When families of this cultural type set up foundations, they impose the same demand for conformity on trustees. Typically, little if any debate takes place, and new voices or perspectives on issues are discouraged. One trustee, the granddaughter of the founder of a large foundation in the South, tells of her experience of joining the board when she was well into middle age. Married at age nineteen to escape what she described as an oppressively proper family life, she lived on the West Coast until her divorce several years ago. Back in her hometown, she was eager to serve on the family board, seeing the foundation as a way to reintegrate into the community.
In her absence, the control of the board had passed from her grandmother, the founder, to her father, and then to her three brothers, who, for the past eight years, had followed the same “cookie-cutter” approach to broaden the foundation’s grantmaking. She began meeting with members of the community to learn more about the foundation’s funding areas and to explore new approaches that the board might take in supporting local groups. Excited by her findings, she recommended that some of these individuals be invited to speak to the board at its next meeting. The board turned down her suggestion.
“They reacted as if I were a traitor to the family,” she says. “They regard any changes from the way my grandmother and father did things as betrayal. It’s frustrating that they shut the door to new ideas because with the amount of money we give away each year, this foundation could be a real force for change in this town.”
Other families, like the Stranahans, go to great lengths to ensure that everyone’s voice is heard. In 1956, Duane and Virginia Stranahan formed the Needmor Fund in Boulder, Colorado, with money earned from the family business, Champion Spark Plug, started by Duane’s father and uncle. The Stranahans are a large family (Duane and Virginia had six children who had sixteen children of their own), and their politics run the gamut from conservative to progressive. Despite their diversity, they place great value on inclusiveness.
“My grandfather is a quiet man who set an example of not imposing his views on others,” says Abby Stranahan, the current board chair. “He wants the family to work together, and he trusts them to make good decisions.”
The family’s tolerance for diversity was tested during the 1970s when the family and the foundation were in turmoil. Duane and Virginia divorced, as did several other family members, and others moved away from the family home in Toledo, Ohio. Meanwhile, Virginia left the board, and members of the third generation, politicized by the events of the times, had their own ideas on how to give money away.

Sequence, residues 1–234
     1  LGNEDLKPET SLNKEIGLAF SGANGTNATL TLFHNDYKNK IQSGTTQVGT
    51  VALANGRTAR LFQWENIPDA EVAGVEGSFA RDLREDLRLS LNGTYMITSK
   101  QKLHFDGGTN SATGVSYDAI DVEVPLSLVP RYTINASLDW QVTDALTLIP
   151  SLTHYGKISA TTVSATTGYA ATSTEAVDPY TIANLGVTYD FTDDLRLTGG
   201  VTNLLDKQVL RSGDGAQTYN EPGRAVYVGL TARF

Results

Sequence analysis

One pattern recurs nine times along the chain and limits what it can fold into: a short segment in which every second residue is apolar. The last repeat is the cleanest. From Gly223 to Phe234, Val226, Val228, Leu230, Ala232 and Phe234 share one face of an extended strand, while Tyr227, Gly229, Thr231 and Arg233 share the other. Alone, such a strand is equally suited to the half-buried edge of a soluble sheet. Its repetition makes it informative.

To preserve family unity and encourage family participation, the foundation revised the trust agreement. Under the new guidelines, any family member who contributed $1,000 to the foundation was considered a voting member of the foundation. Moreover, the family felt a need to develop a broad mission that would include the wide sweep of political philosophies. To that end, they hired a strong and experienced executive director who helped them cut through their political differences to find a common interest in funding grassroots empowerment.
“Ironically,” says Stranahan, “the board’s impulse to move toward a more unifying and less politicized mission led us to more progressive funding. What was dividing the family was not values but rhetoric. Once family members discovered they had similar concerns and that those concerns cut across political differences, they were able to focus on foundation goals.”
This brief introduction to family culture points at the many strands that weave together two systems, the family and the foundation. As will become clearer in later chapters, that influence does not move in one direction but rather is reciprocal. The family is changed by the experience of running the foundation, and the foundation, in turn, is influenced by the changes in the family. Founders die, and with them often go their styles of leadership and management. In-laws join the family, importing beliefs, norms and traditions from their own family cultures, The younger generation comes on board, reflecting a new set of values and experiences and, often, different funding agendas. Conflicts erupt, circumstances change and new challenges arise that require trustees to rethink their old ways or to devise different strategies for managing situations.
And so life moves inexorably forward as both internal and external forces continuously shape and influence the cultures of the two systems—the family and the foundation.